The Magic of Reality: How We Know What's Really True by Richard Dawkins
My rating: 4 of 5 stars
To be sure, I need to be clear as to WHY I like this book. It's not like any of the science or reasoning in it is new or unusual, or that I haven't heard many similar reasonings here or there all the way from high school physics courses all the way to certain and strange movies I've enjoyed.
Why I do love this book is simple: it's clear, concise, and it does a very admirable job of setting up magical thinking in all its flavors against the fundamentals of science.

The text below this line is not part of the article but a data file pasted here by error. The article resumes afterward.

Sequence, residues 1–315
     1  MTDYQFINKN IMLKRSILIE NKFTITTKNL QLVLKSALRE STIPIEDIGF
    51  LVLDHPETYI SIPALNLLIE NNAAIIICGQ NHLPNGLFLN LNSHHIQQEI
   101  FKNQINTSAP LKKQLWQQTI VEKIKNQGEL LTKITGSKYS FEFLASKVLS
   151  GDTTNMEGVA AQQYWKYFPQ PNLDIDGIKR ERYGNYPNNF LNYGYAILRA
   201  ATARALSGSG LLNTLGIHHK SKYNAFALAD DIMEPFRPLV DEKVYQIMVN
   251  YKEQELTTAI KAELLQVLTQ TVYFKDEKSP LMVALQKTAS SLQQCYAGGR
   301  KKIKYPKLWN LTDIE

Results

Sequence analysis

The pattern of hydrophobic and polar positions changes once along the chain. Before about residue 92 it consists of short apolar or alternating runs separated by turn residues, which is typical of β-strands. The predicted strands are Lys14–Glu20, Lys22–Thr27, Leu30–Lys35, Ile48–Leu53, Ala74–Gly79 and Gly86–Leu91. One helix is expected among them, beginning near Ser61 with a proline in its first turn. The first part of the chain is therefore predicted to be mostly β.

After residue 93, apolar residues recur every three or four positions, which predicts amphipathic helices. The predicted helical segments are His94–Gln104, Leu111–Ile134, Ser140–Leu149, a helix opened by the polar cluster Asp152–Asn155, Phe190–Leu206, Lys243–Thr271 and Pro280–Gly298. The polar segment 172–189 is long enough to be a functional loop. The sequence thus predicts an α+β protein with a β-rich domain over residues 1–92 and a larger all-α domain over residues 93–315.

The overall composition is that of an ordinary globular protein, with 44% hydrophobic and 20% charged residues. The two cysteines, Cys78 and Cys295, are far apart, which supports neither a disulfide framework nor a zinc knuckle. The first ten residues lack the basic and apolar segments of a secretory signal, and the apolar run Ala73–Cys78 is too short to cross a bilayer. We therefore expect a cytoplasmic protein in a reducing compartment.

It's a great primer. I think I would have loved reading this when I was 13 or 14. It might have even sparked my interest in science even more than I had been sparked... but that might not be possible. Science Fiction did a perfectly admirable job in that department, with Heinlein and Asimov as my tutors.
Even so, apart from the things I've heard about of Dawkins, this is relatively mild in the religion bashing. He uses logic and reasoning, postulating clearly and setting up the universe as it is, not as we wish it would be. He also makes sure that Occam's Razor is quite sharp.
I certainly have no complaints about this book, assuming I wanted a basic primer, of course.
As for being an adult reading this? It's charming. It's somewhat magical in the sense that I draw a sense of wonder about the universe and our living within it. For that alone I would recommend it as a bit of light reading, assuming you're up to your science snuff. :)
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